This isn’t the first time Harrison has injured her knee. It’s not even the first time this season. Taking her could be a major gamble especially if she physically is unable to return to her pre-injury form. She also would need to add strength to be able to go head to head with a vast majority of WNBA post players. Couple that with her 47% field goal shooting and it might be in Chicago’s best interest to select another player or trade the pick for a pick in a future draft.

Other potential picks: Dearica Hamby, Samantha Logic, Aleighsa Welch, Crystal Bradford.

#6: Indiana Fever: San Antonio Stars: Dearica Hamby, 6’ 3 Forward, Wake Forest

Key Stats: MPG 35.4, PPG 20.4, RPG 10.7, FG% 52.1.

On March 12, 2015, the San Antonio Stars acquired the sixth and 18th overall picks of the 2015 WNBA Draft in exchange for Shenise Johnson. While the Stars could go ahead and draft Hamby at #6, it's very possible that they could acquire a guard, or trade it for another asset. From the original post:

For San Antonio, the trade comes as the team begins to build for the future. An injury to Danielle Adams combined with the retirement of Becky Hammon has left the team thin in both their front and backcourts. Even with Adams planning on being ready for the season, the addition of a second mid first round pick gives the Stars an opportunity to add both a guard and a post player who they can develop for the future. Potential guards who could be on the board include Amber Orrange, Samantha Logic and Jazmine Davis.

Having two first round picks also gives the Stars the flexibility to possibly trade up in the draft or acquire another veteran if one is made available via trade.

The original notes on Hamby are below though they do relate to her as a potential Indy player.

Case for the pick:

Hamby has a proven track record as a versatile, athletic front court player capable of playing the 3, 4 or 5 and doing so in near dominant fashion in the ACC. Her averages of over 20 points and 10 rebounds per game while playing in a conference that has five teams ranked in the top 25 is a remarkable feat. When you consider she can handle the ball on the fast break, can out jump most anybody in the NCAA and has range to the three-point line as a true post player, you start to realize she has the most star potential in the entire draft class. With Tamika Catchings retiring after 2016, the chance to draft another versatile front court player to help fill Catchings’ shoes could be very tempting for the Fever.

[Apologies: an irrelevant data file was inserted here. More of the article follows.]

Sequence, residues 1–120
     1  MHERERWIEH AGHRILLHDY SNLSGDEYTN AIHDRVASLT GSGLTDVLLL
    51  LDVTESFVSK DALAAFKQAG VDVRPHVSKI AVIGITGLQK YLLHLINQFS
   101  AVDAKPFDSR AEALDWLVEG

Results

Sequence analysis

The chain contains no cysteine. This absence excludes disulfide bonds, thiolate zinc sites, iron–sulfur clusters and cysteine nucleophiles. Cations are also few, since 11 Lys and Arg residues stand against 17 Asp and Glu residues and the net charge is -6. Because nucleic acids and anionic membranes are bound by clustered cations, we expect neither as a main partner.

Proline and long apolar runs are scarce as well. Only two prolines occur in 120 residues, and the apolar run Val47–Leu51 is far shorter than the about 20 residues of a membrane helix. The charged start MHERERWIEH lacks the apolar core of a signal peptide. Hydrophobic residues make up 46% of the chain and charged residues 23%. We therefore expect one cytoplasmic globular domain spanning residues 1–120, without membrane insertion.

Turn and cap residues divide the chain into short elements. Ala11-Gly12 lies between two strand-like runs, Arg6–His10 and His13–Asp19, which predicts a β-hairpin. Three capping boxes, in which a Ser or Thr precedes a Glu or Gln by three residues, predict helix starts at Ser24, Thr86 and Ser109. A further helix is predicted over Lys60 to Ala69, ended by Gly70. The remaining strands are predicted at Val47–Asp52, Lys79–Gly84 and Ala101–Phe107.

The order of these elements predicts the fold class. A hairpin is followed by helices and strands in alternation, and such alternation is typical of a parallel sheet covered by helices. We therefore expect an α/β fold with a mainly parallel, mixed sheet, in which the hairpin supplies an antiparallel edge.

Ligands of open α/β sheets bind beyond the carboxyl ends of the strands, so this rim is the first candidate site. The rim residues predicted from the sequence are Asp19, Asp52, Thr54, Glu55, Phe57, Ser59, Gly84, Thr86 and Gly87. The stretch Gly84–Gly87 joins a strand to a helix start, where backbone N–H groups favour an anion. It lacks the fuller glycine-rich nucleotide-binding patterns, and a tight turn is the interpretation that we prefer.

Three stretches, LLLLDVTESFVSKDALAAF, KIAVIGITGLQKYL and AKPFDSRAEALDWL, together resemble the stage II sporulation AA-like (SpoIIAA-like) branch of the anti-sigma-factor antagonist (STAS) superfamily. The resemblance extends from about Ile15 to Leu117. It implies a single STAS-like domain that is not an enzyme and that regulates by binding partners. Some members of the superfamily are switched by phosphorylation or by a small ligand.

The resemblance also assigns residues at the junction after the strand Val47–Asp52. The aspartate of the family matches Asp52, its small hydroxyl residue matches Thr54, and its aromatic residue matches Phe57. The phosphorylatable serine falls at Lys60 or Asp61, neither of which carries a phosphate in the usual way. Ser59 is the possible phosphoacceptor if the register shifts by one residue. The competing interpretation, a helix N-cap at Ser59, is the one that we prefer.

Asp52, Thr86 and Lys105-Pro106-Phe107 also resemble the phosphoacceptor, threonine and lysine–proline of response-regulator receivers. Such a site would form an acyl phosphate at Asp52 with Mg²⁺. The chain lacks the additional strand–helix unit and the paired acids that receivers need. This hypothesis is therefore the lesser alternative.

Case against:

While Hamby’s numbers are spectacular and consistent, her team's lack of depth could be the main contributing factor as to why. Wake Forest is 1-12 in ACC play so far this season, and Hamby is one of only two players on the Demon Deacons scoring in double figures. Her offensive output accounts for 30% of Wake Forest's scoring and her 10.7 rebounds account for 28% of their total. Furthermore, she might not be strong enough to battle in the paint consistently in the WNBA, and she isn't a particularly good three-point shooter. Her blocks per game have also dropped from just over 1 per game last year to just .6 per game this season. In addition, Indiana is already developing two other versatile front court players in Natasha Howard and Natalie Achonwa, meaning that despite her potential, Indiana could pass on Hamby.

Other potential picks: Samantha Logic, Crystal Bradford, Aleighsa Welch, Amber Orrange, Vicky Mcintyre.

#7: Los Angeles Sparks: Crystal Bradford, 6’ 0 Guard/Forward, Central Michigan

Key stats: MPG 33.8, PPG 20.3, RPG 9.1, APG 3.7, SPG 2.7, BLKS 1.0.

Case for the pick:

The Sparks have already made significant moves to improve their fortunes for the upcoming season. That said, even with the signing of Euro star Ana Dabovic they still lack depth at the shooting guard and small forward positions. At 6’ 0, Bradford has the size to run the 3, while also possessing true guard skills which could allow L.A. to run a truly giant lineup, especially if Jennifer Hamson decides to sign on for next season.